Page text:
The entire design of the Airbus Helicopters H160 was based on one overriding goal: to create added value for customers in terms of performance, economic competitiveness, safety and comfort. Both … read
The "involuntary de-boarding video" showing a passenger removed from an aircraft has gone viral: that's a huge damage for world's third-largest airline and for the aviation industry
by Nicola Zamperini
"I’m a pilot, I don’t need communication skills", I heard once from an experienced pilot. It is not difficult to understand what type of process can generate a similar sentence. "I fly to make the difference for life and destiny of some people, sometimes hundreds of people, and I need to stay focused. This is my job. That’s not about communication".
Such a sentence could not be more wrong, such a behavior could not be more baseless and dangerous.
Such an unmotivated attitude is especially wrong regarding any company involved in aerial work: from a small helicopter doing point to point passenger transport to a Major like United Airlines is.
If you’re involved in public transport and you’re hoping not to ever deal with communication crisis situations, it will come the day - and that day ever comes once - that communication issues will be knocking at your door.
The “involuntary de-boarding situation” which was captured on video, which surfaced Monday, showing a passenger removed on Sunday from United flight 3411 at Chicago O'Hare International Airport, has gone viral.
In the video: United Airlines Passenger Forcibly Removed on Overbooked Flight
The entire situation and overbooking policies stuff gone viral too.
And that’s a huge reputation damage for the world's third-largest airline, that’s a huge damage for the aviation industry too. It will take months to figure out how much it will weigh on United Airlines accounts: after a mea culpa from the CEO, the stock had recovered from the worst losses registered in the wake of the incident - but its market value was still off by $250 million.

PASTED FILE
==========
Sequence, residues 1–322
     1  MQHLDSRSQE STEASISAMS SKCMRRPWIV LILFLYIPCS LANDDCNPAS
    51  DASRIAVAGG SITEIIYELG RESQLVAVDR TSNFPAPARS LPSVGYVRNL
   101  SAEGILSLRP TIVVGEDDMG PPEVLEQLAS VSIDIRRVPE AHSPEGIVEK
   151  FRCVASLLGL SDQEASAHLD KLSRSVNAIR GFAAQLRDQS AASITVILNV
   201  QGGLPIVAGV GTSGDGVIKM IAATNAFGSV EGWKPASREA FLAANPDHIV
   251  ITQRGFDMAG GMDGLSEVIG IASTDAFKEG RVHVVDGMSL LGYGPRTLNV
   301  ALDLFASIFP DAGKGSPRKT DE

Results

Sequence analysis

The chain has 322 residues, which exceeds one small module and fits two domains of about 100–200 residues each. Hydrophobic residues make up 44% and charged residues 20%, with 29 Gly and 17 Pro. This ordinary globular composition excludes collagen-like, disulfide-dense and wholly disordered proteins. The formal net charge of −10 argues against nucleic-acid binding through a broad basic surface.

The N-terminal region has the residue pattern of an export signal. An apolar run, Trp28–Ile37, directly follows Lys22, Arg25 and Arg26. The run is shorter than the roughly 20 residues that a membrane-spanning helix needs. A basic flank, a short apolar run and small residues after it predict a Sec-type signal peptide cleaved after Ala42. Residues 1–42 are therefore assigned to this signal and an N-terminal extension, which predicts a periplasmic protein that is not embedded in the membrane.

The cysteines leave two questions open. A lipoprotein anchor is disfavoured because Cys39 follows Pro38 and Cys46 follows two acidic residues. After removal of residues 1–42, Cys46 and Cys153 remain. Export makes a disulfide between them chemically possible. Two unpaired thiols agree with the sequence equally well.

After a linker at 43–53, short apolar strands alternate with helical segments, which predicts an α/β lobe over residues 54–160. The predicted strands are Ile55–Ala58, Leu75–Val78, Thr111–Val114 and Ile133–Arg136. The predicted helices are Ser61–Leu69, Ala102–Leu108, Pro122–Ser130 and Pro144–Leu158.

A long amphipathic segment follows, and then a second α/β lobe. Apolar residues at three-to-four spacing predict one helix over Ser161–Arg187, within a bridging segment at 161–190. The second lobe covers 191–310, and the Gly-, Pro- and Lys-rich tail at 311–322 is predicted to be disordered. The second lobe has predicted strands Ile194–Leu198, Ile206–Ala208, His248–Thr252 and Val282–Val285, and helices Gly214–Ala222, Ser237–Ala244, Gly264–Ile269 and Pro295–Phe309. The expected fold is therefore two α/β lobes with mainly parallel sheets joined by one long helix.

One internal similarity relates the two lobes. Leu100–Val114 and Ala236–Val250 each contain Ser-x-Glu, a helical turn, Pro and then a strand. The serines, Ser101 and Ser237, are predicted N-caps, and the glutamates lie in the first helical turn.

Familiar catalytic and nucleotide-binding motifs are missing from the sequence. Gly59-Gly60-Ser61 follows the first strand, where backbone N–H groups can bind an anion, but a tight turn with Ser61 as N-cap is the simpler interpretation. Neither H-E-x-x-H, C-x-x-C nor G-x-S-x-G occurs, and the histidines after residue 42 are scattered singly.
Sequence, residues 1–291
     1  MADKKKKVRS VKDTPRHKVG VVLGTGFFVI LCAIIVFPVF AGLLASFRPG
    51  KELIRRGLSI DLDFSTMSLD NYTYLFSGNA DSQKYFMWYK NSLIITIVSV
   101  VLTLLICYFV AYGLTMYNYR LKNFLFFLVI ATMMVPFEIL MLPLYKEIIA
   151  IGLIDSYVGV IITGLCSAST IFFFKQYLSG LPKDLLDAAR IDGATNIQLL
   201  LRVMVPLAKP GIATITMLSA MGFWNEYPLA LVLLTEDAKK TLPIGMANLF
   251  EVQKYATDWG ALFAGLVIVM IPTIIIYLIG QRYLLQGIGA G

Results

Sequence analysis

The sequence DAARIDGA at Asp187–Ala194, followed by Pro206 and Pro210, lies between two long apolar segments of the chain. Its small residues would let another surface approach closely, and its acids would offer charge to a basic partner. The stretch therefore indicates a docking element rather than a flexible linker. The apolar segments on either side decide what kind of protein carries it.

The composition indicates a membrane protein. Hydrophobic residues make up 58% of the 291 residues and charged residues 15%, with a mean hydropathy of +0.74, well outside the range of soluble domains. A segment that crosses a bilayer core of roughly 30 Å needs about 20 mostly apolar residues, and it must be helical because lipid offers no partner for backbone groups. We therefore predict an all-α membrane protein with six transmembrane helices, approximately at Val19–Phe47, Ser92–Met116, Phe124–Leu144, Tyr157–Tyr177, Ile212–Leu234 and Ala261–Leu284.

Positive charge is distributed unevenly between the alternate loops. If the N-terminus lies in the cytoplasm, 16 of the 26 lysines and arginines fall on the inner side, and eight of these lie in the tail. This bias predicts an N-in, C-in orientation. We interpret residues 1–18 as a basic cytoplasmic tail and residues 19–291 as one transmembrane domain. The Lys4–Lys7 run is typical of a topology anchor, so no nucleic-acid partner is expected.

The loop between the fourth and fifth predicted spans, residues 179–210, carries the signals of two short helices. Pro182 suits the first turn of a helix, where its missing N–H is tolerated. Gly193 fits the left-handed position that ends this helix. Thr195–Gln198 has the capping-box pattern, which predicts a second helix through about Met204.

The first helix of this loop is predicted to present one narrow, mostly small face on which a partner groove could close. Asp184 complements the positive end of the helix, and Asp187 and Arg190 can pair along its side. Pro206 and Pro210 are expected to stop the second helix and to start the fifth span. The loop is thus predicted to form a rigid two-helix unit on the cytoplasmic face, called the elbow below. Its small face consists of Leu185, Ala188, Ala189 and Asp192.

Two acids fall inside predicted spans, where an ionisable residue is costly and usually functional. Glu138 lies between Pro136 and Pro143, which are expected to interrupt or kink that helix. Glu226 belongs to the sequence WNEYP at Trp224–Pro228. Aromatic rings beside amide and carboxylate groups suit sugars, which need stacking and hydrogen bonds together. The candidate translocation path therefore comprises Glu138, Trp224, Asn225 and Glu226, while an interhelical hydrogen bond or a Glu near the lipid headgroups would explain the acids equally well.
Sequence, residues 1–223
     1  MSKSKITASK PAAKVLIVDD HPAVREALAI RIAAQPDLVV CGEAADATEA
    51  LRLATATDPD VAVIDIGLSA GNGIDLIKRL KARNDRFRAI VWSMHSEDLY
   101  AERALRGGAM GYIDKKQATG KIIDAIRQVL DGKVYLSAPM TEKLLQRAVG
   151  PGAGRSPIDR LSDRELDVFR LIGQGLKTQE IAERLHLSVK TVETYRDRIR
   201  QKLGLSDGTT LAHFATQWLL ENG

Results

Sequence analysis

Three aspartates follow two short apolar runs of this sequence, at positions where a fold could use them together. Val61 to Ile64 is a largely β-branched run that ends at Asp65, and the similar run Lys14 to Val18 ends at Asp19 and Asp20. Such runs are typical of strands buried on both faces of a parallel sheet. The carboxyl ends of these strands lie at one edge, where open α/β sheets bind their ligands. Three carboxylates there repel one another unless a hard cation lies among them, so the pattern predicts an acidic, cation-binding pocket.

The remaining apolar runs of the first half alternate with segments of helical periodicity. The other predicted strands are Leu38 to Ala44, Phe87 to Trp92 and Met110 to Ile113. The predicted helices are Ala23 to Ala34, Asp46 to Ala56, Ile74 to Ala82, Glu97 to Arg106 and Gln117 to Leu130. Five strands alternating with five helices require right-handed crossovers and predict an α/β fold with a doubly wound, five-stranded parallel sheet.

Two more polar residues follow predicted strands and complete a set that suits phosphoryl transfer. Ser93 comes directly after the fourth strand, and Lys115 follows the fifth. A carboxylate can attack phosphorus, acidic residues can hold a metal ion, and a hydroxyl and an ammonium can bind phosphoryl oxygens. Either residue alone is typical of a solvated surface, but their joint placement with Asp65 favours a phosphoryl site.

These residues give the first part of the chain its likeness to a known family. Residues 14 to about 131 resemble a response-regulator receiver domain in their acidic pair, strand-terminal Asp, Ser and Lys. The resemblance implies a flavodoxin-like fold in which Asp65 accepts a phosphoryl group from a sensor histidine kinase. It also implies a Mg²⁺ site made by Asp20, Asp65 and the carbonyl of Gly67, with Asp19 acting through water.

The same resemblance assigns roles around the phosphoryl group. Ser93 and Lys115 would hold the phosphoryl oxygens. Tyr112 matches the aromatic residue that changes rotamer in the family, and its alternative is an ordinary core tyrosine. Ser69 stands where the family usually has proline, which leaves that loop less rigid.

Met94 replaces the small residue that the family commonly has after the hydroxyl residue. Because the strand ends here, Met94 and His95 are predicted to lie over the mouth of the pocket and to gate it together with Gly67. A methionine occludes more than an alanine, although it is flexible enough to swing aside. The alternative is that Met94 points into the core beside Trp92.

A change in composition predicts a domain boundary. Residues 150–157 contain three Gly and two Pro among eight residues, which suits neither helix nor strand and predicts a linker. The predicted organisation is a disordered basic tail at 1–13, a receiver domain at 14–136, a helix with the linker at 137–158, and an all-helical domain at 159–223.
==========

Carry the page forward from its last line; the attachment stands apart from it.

United Airlines gave a poor response, giving off a simple press release while facing a situation of sudden crisis. The Major was not prepared, it underestimated the potential reach of a video that went viral around the world within hours. United had no flexibility and intelligence to understand how it was right to answer.
In communication jargon they call it crisis situation "Cobra", because it act like the sudden bite of that infamous lethal snake. There is the "Python" situation, too: that’s about the issues that slowly grind a company’s force of communication projection. A good instance of “Python” situation could be analyzed in the CHC Helikopter Service Flight 241 case: just think about of the hardships the press officers endured during and after the crash in Norway of a Super Puma helicopter which in April 2016 claimed the life of 13 people. They did the right thing: they keep on the level of communication, they did not stop the flow and ensured a good amount of trusted and sourced informations.
There are 7 main stages of a communication crisis situation, as outlined by Mitroff and Pauchant: they go from an alarm-fear-terror continuum. United Airlines seem to be not aware of M&P works. Or United simply did not put into practice any of their advices.
They seem to have forgotten that you just have to adopt a list of procedures in the wake of a communication crisis.
That’s a communication checklist.
It’s just similar to the one checked by a captain before any takeoff. The presumption that it’s just enough doing it with planes or helicopters and not in the case of a video regarding your company, is a presumption that leads to worst mistakes.
Do not forget: your face could be in that viral video.
The Passenger dragged off flight and bloodied could be you.
That’s the wrongest and one of the most expensive way of reducing your brand awareness.